Lecture%203

Lecture 3 - First problem set BILD1 The Cell Prof Lisa M Boulanger Will be discussed in Sections THIS WEEK Key posted Saturday Problem set 2 posted

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1 BILD1 The Cell Prof. Lisa M. Boulanger 01/6/07 BILD1 - Lecture 3 2 First problem set Will be discussed in Sections THIS WEEK Key posted Saturday Problem set 2 posted Friday ! 01/6/07 BILD1 - Lecture 3 3 Highlights from the previous lecture: Ions are charged and soluble in water, due to ability to form hydrogen bonds Ionic bonds occur between ions (charged atoms) pH = -log[H + ]; acids increase [H + ] van der Waals bonds occur between transiently charged regions of molecules 01/6/07 BILD1 - Lecture 3 4 pH recap (-log 10 [H+]) + (-log 10 [OH-]) = 14 If 10 -3 M H + : (-log 10 [10 -3 ]) + (-log 10 [OH-]) = 14 (-[-3]) + (-log 10 [OH-]) = 14 3 + (-log 10 [OH-]) = 14 [OH-] = 10 -9 01/6/07 BILD1 - Lecture 3 5 4 emergent properties of water: cohesion (H bonds), moderation of temperature (high specific heat), ice floats (H bonds), versatile solvent (H bonds) Molarity of a solution daltons/molecule = grams/mole 1 mole/liter = 1 molar Some chemical reactions can reverse More highlights from the previous lecture: 01/6/07 BILD1 - Lecture 3 6 THIS LECTURE: Determinants and effects of molecular shape Functional groups Carbon: the backbone of biology Building and unbuilding bigger (macro) molecules
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2 01/6/07 BILD1 - Lecture 3 7 Molecular Shape and Function The precise shape of a molecule Is usually very important to its function in the living cell Is determined by the positions of its atoms’ valence orbitals 01/6/07 BILD1 - Lecture 3 8 s orbital Z Three p orbitals X Y Four hybrid orbitals (a) Hybridization of orbitals. The single s and three p orbitals of a valence shell involved in covalent bonding combine to form four teardrop-shaped hybrid orbitals. These orbitals extend to the four corners of an imaginary tetrahedron (outlined in pink). Tetrahedron In a covalent bond The s and p orbitals may hybridize, creating specific molecular shapes 01/6/07 BILD1 - Lecture 3 9 Morphine Carbon Hydrogen Nitrogen Sulfur Oxygen Natural endorphin (a) Structures of endorphin and morphine. The boxed portion of the endorphin molecule (left) binds to receptor molecules on target cel s in the brain. The boxed portion of the morphine molecule is a close match. (b) Binding to endorphin receptors. Endorphin receptors on the surface of a brain cel recognize and can bind to both endorphin and morphine. Natural endorphin Endorphin receptors Morphine Brain cel Shape affects molecular interactions 01/6/07 BILD1 - Lecture 3 10 Isomers Are molecules with the same molecular formula but different structures and properties Three types of isomers are Structural Geometric Enantiomers H HHH H H H H H H H H H H H H H H H H H H H H H CO 2 H CH 3 NH 2 C CO 2 H H CH 3 NH 2 XX X X CCCCC C C CCC C C C C C (a) Structural isomers (b) Geometric isomers (c) Enantiomers H 01/6/07 BILD1 - Lecture 3 11 Carbon: The Backbone of Biological Molecules All living organisms Are made up of chemicals based mostly on the element carbon The carbon in all organic molecules was originally incorporated into these molecules by plants 01/6/07 BILD1 - Lecture 3 12 The bonding versatility of carbon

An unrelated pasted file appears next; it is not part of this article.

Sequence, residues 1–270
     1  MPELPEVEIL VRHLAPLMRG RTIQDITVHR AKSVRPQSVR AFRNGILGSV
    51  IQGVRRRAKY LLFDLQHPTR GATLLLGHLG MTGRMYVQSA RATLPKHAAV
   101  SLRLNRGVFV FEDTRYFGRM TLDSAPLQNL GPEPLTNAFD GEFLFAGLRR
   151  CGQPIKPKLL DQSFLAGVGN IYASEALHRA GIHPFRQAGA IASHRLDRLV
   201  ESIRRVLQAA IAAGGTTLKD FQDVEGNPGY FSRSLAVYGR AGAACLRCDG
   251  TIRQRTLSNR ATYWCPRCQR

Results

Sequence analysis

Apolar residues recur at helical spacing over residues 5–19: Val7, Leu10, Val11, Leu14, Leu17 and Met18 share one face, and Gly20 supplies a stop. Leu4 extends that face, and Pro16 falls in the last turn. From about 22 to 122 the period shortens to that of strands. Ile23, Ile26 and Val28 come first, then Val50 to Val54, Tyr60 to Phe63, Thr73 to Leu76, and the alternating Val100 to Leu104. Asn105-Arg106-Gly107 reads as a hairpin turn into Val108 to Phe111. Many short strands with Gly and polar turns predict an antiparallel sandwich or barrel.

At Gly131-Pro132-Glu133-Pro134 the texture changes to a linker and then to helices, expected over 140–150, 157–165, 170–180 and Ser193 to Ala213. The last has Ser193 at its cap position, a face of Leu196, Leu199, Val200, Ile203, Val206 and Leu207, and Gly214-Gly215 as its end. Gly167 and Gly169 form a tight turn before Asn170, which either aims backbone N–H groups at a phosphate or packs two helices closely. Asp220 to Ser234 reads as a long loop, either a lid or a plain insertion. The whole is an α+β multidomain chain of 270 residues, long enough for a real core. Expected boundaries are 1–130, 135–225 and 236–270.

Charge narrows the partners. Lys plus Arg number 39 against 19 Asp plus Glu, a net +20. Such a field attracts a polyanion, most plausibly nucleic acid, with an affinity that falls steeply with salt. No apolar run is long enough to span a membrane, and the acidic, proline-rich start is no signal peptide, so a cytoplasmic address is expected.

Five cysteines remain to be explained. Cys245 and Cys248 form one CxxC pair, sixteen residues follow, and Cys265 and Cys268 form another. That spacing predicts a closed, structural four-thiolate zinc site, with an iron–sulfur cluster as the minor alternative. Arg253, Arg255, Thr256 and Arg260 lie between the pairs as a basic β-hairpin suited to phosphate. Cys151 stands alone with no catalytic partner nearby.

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This note was uploaded on 03/26/2010 for the course BENG 110 taught by Professor Schmid-schoenbein during the Spring '08 term at UCSD.

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Lecture 3 - First problem set BILD1 The Cell Prof Lisa M Boulanger Will be discussed in Sections THIS WEEK Key posted Saturday Problem set 2 posted

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